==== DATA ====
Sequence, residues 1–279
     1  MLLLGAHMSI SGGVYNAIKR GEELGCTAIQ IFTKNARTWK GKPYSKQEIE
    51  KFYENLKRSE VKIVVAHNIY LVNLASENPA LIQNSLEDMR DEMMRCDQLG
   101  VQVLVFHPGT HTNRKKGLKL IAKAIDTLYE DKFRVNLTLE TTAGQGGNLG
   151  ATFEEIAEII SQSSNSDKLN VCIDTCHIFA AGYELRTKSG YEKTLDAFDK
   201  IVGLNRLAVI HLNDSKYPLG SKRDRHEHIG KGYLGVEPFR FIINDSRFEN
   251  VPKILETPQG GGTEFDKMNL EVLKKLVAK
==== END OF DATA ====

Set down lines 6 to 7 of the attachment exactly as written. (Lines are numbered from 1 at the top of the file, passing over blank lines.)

   201  IVGLNRLAVI HLNDSKYPLG SKRDRHEHIG KGYLGVEPFR FIINDSRFEN
   251  VPKILETPQG GGTEFDKMNL EVLKKLVAK